Is Camping The Ultimate Frugal Vacation? (Plus Five Tips For Starting Camping Without Going Broke)

As I write this, the CMO clan just got back from camping in Connecticut near to Rhode Island. We first started camping right after my husband got sick and almost died five years ago. When he was young, his family of six would go camping every summer in Rhode Island, but my family had never been camping when I was young. In fact my own mother still can’t understand why I enjoy camping. Every year she talks to me about how I need to buy a camper, or perhaps camp somewhere with air conditioning, or maybe go on a vacation somewhere more fun (because camping outside couldn’t possibly be fun).

Not having fun at Block Island, a day trip from the camp site

And sure, camping has its downsides. Bugs. Rain. Cold. Heat. Noisy campsites with inconsiderate neighbors. I have been known to once proclaim, in a bad camping moment, that the only good thing about camping is reminding us how good our house is. But camping can also be fun, and a great way to have an inexpensive vacation. Typically the biggest cost of going on vacation is the hotel, followed closely by food. If you camp, you essentially take your home and a stove with you, greatly reducing the cost of your trip. And camping can be as fancy or as simple as you want it to be.


Is Camping The Ultimate Frugal Vacation?

When someone says camping, you might think about pitching a tent somewhere in the woods, after a 20 mile hike, and communing with nature around a fire. Sleeping in a sleeping bag on the ground, waking up and eating re-hydrated food, headed out for another day in the woods. You can see the stars and hear the animals in the woods.

That kind of camping would be wonderful if it was just me, and I was a lot younger with a stronger back, but with three kids (including a tiny guy) and a back that gets sad when I sleep on the ground, we go for car camping at campsites. Traditionally we’ve gone for the same place in RI, but this year we tried a different place that boasted a lot more fun activities for kids. Unfortunately it was also noisy as heck, with inconsiderate campers and karaoke until 10 PM. Not going back there again!

Why is camping the ultimate frugal vacation? Because you can save on both food and lodging. Once you’ve bought a tent for under $100, you can use it again and again. You can camp somewhere different every night, or drive to one place and use it as a base camp to make trips in a new area (which is what we do). We camp and then go to the beach, the arcade, museums (on rainy days), and just hang around the campsite relaxing and doing outdoor stuff. We practice cooking over a fire- I’ve made roasted kabobs, cornbread, stew, and even pizza on a fire. Plus of course the obligatory smores.


Camping is less expensive than a hotel – by a long shot. The place we usually stay at is only about $20 per night (or less), although the exact cost depends on the time of year you’re staying. And for food, although it won’t be as inexpensive as home, you can do most of the cooking yourself. We bring the ingredients from home to make pancakes, biscuits, cornbread, and other things. As long as you have a cooler, and you don’t leave the food outside (either in the car or in a large container that snaps shut) you should be able to easily store food to cook yourself. So yes, overall I’d say that camping is the ultimate way to take a frugal vacation.

Camping to Reset Your Standards

One concept that stood out to me in Tim Ferriss’s book Tools of Titans (check out my book review!) was the idea of living in a very minimal way to reset your standards, and increase your appreciation of the things you have in your life.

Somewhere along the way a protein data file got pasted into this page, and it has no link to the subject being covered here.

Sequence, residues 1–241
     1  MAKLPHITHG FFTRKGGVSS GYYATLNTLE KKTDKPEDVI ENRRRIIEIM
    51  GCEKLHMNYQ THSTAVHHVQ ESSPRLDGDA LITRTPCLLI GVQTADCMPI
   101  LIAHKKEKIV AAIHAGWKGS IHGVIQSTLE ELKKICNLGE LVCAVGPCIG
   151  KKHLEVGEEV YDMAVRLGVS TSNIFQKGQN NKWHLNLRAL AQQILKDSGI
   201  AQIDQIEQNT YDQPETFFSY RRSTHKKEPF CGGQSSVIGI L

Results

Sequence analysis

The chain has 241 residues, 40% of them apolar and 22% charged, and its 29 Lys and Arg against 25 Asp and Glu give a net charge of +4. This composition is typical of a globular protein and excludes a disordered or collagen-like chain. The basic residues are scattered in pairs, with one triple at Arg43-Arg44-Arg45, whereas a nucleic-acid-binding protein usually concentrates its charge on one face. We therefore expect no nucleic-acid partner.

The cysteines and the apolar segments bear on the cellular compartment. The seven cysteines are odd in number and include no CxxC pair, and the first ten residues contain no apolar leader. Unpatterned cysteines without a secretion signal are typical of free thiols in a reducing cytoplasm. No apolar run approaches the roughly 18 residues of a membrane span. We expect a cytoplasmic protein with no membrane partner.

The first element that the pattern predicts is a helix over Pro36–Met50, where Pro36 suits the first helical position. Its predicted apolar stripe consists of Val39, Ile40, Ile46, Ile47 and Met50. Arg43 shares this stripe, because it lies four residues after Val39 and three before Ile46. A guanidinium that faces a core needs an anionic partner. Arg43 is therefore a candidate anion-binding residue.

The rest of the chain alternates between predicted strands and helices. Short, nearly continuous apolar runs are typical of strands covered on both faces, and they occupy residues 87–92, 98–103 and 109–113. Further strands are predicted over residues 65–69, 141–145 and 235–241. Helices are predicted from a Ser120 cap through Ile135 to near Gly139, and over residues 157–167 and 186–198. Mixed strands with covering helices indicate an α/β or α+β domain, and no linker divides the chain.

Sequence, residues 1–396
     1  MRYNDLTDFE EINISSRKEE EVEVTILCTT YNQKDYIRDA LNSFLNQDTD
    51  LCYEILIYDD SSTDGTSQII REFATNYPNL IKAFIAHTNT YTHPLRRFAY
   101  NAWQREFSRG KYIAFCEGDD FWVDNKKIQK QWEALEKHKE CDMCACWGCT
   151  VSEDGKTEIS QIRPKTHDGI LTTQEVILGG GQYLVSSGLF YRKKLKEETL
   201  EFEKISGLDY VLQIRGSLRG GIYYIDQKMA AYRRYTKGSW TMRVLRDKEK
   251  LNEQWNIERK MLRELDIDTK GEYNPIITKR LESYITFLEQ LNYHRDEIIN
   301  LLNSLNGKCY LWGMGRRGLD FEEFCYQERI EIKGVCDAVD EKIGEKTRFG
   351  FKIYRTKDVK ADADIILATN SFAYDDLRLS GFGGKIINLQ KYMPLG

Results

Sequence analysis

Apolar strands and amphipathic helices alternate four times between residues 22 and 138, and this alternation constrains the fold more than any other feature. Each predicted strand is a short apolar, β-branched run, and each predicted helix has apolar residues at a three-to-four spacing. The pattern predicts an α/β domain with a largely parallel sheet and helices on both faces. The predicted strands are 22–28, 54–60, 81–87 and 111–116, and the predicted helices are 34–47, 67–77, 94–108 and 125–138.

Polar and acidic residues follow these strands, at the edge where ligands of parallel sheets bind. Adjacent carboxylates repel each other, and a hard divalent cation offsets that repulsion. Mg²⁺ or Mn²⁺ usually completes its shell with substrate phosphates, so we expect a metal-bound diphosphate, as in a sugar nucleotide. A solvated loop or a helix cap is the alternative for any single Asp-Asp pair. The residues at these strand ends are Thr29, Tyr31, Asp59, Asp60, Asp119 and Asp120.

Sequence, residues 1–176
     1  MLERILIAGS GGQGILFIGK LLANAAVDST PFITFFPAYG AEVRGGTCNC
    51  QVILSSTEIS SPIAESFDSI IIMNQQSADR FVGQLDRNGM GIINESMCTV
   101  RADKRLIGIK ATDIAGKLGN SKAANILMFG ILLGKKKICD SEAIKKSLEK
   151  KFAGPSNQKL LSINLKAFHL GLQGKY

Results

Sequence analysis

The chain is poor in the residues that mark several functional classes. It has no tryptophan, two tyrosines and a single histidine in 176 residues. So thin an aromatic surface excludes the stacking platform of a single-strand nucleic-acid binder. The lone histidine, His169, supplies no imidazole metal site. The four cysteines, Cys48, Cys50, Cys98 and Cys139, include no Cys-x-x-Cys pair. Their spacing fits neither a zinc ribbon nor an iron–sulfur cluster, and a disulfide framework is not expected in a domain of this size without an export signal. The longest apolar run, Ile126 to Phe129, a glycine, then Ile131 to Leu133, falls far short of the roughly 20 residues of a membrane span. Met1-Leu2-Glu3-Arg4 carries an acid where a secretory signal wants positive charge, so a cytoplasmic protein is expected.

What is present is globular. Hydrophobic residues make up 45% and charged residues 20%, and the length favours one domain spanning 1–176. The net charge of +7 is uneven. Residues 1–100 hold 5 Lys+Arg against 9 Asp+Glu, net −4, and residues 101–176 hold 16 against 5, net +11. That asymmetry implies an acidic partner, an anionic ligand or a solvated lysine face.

You can start to take the comforts of home for granted. Hot showers and baths whenever you want them. Heat and air conditioning at the push of a button. Running water. Flushing clean toilets. Large houses with a room for every person, and all your toys/books/etc. right there. Electricity to bring you the entire internet, all the seasons of Game of Thrones, or whatever video game strikes your fancy.


While you’re camping, you don’t have most – or any – of that. You’ll only have what you brought with you, and you’ll need to make do. Without electricity you and your kids will need to find something to do that doesn’t involve TV or video games. Although we limit videos (no cable here) and games to a short time each day, the kids can still use a detox/break every year. And frankly so could the adults. I usually only watch Netflix on weekends, because I’d rather be doing other things with my time (part of the reason I can accomplish so much). But that doesn’t mean that I still couldn’t use a detox. I have a particular attachment to my phone, and although I did keep it charged in case of a work emergency, I didn’t use it nearly as much as I normally would.

Five Tips to Getting Started Camping Without Going Broke

Are you interested in giving camping a try, but you just don’t know where to start? Maybe you’re worried about the kids spending the entire time just complaining that they want to go home and watch TV, or you don’t want to spend a fortune on equipment when you don’t know if you’ll enjoy it.

  • Start Small: All we had the first year was a tent, some sleeping bags, a cooler for food, water, and something to cook with (a camping stove owned by my aunt and unused for 20 years). As time went on, we slowly added more things to make camping more enjoyable.  If you’ve never been camping before and want to give it a try, see if you can borrow or rent some equipment from a family that camps regularly.
  • Build Slowly: To gather additional equipment, for Christmas and birthdays we’ll ask for gifts of camping equipment – you can give that a try too. Every year we’ll pick up one or two things to make the trip more enjoyable, like some metal skewers to roast meat over the fire.
  • Use What You Have: We also bring a lot of things from home as well – like our French Press make fresh coffee. We’ll bring pre-ground coffee in a Tupperware container and boil water on the camp stove. We also use cast iron cookware at home (my cast iron set is 15 years old and still going strong) and it goes over the fire wonderfully.
  • Don’t Dread Convenience Foods: I speak from experience when I say that if you’re camping for a long time, you’re going to want to go out to eat eventually. In order to head off temptation, be sure to bring plenty of quick food that can be eaten cold, or with minimal preparation. My kids love this part because it’s one of the few times we get those little bags of chips, cans of soda, and small boxes of junk cereals (the other time is on road trips). We don’t keep this in the house so it’s a real treat for them.